“It’s really accelerated our ability to reach people,” says Amanda Hightower, executive director of nonprofit Real Escape from the Sex Trade, or REST.
Last summer, the volunteers began thinking about bots, after Microsoft launched a bot-building toolkit aimed at automating customer service.
Limitations of the software have produced mixed results for businesses, but the deter-o-bot has proven good enough at its job.“It helps that the guys who are buying sex are not paying much attention to the human being on the other end of the phone,” says Beiser, of Seattle Against Slavery.
Microsoft employees built the bot in a philanthropic initiative called Project Intercept, in collaboration with nonprofits that hope it can reduce demand for sex workers, and the incentives for criminals to coerce people into the sex trade.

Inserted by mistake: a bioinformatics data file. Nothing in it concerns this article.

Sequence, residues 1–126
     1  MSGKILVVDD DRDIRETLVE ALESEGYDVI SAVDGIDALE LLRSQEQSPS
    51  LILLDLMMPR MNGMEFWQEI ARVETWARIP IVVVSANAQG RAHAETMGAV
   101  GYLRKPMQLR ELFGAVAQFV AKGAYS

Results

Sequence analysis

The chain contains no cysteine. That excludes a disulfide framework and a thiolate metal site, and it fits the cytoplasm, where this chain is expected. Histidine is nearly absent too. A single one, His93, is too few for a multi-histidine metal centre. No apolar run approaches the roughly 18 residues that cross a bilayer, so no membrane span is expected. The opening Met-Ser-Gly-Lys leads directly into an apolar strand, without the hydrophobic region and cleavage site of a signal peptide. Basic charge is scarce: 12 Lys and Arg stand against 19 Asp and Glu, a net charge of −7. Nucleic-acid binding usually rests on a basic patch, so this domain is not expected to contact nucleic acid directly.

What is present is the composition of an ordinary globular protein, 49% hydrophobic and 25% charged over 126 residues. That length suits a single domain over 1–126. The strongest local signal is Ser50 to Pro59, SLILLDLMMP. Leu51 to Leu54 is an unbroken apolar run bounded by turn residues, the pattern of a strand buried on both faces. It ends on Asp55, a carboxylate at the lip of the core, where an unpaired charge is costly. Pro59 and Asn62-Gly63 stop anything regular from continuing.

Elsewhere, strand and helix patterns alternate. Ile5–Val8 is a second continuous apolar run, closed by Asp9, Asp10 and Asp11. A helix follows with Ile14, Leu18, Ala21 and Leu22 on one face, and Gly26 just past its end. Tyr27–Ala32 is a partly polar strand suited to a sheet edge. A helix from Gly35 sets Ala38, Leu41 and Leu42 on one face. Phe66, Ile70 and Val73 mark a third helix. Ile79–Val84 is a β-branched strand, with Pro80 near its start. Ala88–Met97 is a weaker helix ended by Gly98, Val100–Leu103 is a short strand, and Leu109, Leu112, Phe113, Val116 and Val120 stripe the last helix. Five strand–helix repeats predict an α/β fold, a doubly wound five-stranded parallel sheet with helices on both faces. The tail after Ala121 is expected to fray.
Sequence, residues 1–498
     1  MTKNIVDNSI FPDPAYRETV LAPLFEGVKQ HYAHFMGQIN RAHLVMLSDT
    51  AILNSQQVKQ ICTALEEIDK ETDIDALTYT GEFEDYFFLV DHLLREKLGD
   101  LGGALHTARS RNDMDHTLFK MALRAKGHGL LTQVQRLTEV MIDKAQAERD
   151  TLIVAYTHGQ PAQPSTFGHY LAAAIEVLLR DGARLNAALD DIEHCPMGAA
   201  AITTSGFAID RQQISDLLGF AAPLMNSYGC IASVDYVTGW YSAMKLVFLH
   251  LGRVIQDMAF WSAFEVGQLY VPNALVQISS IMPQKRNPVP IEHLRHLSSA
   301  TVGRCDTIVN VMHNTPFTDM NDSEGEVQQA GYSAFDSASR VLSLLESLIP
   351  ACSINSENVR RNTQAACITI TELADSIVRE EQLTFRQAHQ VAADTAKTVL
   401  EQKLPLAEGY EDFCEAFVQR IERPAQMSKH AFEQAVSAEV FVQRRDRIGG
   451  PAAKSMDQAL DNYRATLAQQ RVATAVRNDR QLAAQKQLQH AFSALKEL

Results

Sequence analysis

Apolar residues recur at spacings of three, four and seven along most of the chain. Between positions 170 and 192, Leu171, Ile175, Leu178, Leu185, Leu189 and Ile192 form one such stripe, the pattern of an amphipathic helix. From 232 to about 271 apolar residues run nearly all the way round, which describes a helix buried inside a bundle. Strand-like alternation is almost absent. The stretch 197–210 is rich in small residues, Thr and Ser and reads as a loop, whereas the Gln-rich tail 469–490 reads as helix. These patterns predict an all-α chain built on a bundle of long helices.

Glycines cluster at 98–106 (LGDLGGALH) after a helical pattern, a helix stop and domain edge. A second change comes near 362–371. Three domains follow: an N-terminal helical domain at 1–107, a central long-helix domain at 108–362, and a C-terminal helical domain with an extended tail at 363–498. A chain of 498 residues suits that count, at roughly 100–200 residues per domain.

The technology is not a product of Microsoft itself.
“There aren’t enough detectives in the world to match the size of this market,” says Roe-Sepowitz.
Don’t expect the Microsoft tools to make a huge dent in demand overnight.Dominique Roe-Sepowitz, director of Arizona State University’s Office of Sex Trafficking Intervention Research, says they could help expand the reach of anti-trafficking efforts.Research in Phoenix has shown that on average a single online sex ad attracts 63 potential buyers.The chatbot, tested recently in Seattle, Atlanta, and Washington, lurks behind fake online ads for sex posted by nonprofits working to combat human trafficking, and responds to text messages sent to the number listed.The software initially pretends to be the person in the ad, and can converse about its purported age, body, fetish services, and pricing.chatbots to businesses as a way to keep customers coming back for more.